So what is a traditional Japanese Kokeshi Doll ?

I love traditional Japanese Kokeshi Dolls, and if you know of my work you will have seen that much of my original artwork and craft products are variations on these lovely figurines, but where did they originate . . . . 

The traditional Japanese Kokeshi Doll is made of wood, has a cylindrical body and a round head, usually with the head disproportionally large when compared to the body.
 
These beautiful wooden dolls originated in the Tohoku region of Japan at some point between the 16th to 18th centuries. They were made by woodworking artisans (known as Kijiya) to sell to tourists, and because they were handcrafted and hand-painted, no two traditional dolls are the same.
 
Traditional Kokeshi Doll shapes and patterns are particular to a certain area and are classifed under eleven types:

  • Tsuchiyu (土湯系)
  • Yajirō (弥治郎系)
  • Tōgatta (遠刈田系)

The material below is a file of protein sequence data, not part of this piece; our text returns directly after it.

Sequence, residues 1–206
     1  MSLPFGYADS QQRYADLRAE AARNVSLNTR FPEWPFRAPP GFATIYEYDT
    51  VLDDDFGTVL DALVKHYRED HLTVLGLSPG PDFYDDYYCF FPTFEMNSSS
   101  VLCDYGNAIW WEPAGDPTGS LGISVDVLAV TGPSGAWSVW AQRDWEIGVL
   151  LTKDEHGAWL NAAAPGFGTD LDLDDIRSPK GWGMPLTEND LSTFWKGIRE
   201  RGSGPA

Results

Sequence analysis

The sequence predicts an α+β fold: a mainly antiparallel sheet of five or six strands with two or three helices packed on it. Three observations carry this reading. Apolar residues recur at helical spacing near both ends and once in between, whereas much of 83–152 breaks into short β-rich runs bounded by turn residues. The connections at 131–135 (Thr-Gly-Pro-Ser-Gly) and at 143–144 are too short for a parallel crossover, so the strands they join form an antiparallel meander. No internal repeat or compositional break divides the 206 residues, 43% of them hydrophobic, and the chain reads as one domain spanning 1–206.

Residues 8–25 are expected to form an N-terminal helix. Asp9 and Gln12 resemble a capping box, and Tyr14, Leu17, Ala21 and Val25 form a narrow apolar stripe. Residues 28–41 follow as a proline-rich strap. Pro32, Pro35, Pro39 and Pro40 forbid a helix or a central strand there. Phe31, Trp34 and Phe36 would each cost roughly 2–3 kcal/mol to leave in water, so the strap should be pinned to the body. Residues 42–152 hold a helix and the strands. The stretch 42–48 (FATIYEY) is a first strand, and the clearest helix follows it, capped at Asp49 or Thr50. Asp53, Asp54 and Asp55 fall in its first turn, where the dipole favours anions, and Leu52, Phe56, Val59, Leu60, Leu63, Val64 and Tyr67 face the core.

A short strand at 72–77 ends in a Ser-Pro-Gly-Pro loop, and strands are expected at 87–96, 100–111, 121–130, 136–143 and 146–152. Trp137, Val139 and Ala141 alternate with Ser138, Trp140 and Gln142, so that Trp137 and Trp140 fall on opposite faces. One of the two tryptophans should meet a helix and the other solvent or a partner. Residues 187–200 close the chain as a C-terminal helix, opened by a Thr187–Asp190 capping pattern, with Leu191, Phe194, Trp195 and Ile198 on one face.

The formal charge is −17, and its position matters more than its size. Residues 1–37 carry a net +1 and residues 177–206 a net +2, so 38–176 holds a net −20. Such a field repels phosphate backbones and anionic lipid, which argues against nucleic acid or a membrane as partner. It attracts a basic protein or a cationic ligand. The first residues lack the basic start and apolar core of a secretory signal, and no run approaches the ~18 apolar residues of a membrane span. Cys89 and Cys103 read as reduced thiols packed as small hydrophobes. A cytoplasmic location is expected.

• Naruko (鳴子系)
  • Sakunami (作並系) or Yamagata-Sakunami (山形作並系)
  • Zaō Takayu (蔵王高湯系)
  • Hijiori (肘折系)
  • Kijiyama (木地山系)
  • Nambu (南部系)
  • Tsugaru (津軽系) or Nuruyu (温湯系)
The most common is the Naruko type. The main street of the Naruko Onsen Village is known as Kokeshi Street and has shops which are operated directly by the Kokeshi carvers.
Kokeshi Doll beauty is in their simplicity, typically they have very simple facial features, sometimes literally only a few basic lines depicting eyes and mouth, and simple patterned themes on the body (commonly simple floral designs). Antique dolls originally were decorated in red and black, occasionally yellow.
 
Kokeshi Dolls are still being handcrafted today,  new designs tend to be more brightly coloured but are still based on the same simplistic design and can be found widely in craft shops and online.

http://www.flickr.com/photos/subnormal_pl/5257265472/
http://www.flickr.com/photos/subnormal_pl/5257265472/

 

A contemporary form of these traditional Japanese dolls can be found in the popular and collectable Momiji Dolls. These dolls are different from Kokeshi Dolls in that they contain a small space in the base for a secret message card to be hidden, for this reason they are also known as Momiji Friendship Dolls and are often given as a gift to show friendship and love. The giving of a small gift is part of the culture of Japan and is known as omiyage.
 

You can see many of my Kokeshi Doll inspired artwork and craft items on this website and also on my artist pages at www.deesummers.me.uk


Write a comment

Comments: 0